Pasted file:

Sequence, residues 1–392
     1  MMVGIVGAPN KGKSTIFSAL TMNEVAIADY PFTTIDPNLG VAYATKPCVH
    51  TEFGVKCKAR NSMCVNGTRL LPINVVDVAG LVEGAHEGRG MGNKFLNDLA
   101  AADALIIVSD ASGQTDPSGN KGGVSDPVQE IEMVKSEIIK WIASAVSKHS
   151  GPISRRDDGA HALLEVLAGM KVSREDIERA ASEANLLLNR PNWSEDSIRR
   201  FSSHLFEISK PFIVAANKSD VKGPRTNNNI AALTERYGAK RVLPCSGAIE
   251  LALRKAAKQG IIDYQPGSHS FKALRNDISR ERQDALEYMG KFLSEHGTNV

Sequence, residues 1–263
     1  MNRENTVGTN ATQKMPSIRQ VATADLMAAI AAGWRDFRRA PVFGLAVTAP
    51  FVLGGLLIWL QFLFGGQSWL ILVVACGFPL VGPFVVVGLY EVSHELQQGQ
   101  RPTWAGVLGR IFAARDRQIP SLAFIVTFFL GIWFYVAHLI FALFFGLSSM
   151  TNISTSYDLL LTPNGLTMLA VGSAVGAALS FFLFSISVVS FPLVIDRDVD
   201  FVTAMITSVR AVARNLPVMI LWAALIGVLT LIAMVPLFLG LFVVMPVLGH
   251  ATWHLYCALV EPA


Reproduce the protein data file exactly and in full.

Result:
Sequence, residues 1–392
     1  MMVGIVGAPN KGKSTIFSAL TMNEVAIADY PFTTIDPNLG VAYATKPCVH
    51  TEFGVKCKAR NSMCVNGTRL LPINVVDVAG LVEGAHEGRG MGNKFLNDLA
   101  AADALIIVSD ASGQTDPSGN KGGVSDPVQE IEMVKSEIIK WIASAVSKHS
   151  GPISRRDDGA HALLEVLAGM KVSREDIERA ASEANLLLNR PNWSEDSIRR
   201  FSSHLFEISK PFIVAANKSD VKGPRTNNNI AALTERYGAK RVLPCSGAIE
   251  LALRKAAKQG IIDYQPGSHS FKALRNDISR ERQDALEYMG KFLSEHGTNV

Sequence, residues 1–263
     1  MNRENTVGTN ATQKMPSIRQ VATADLMAAI AAGWRDFRRA PVFGLAVTAP
    51  FVLGGLLIWL QFLFGGQSWL ILVVACGFPL VGPFVVVGLY EVSHELQQGQ
   101  RPTWAGVLGR IFAARDRQIP SLAFIVTFFL GIWFYVAHLI FALFFGLSSM
   151  TNISTSYDLL LTPNGLTMLA VGSAVGAALS FFLFSISVVS FPLVIDRDVD
   201  FVTAMITSVR AVARNLPVMI LWAALIGVLT LIAMVPLFLG LFVVMPVLGH
   251  ATWHLYCALV EPA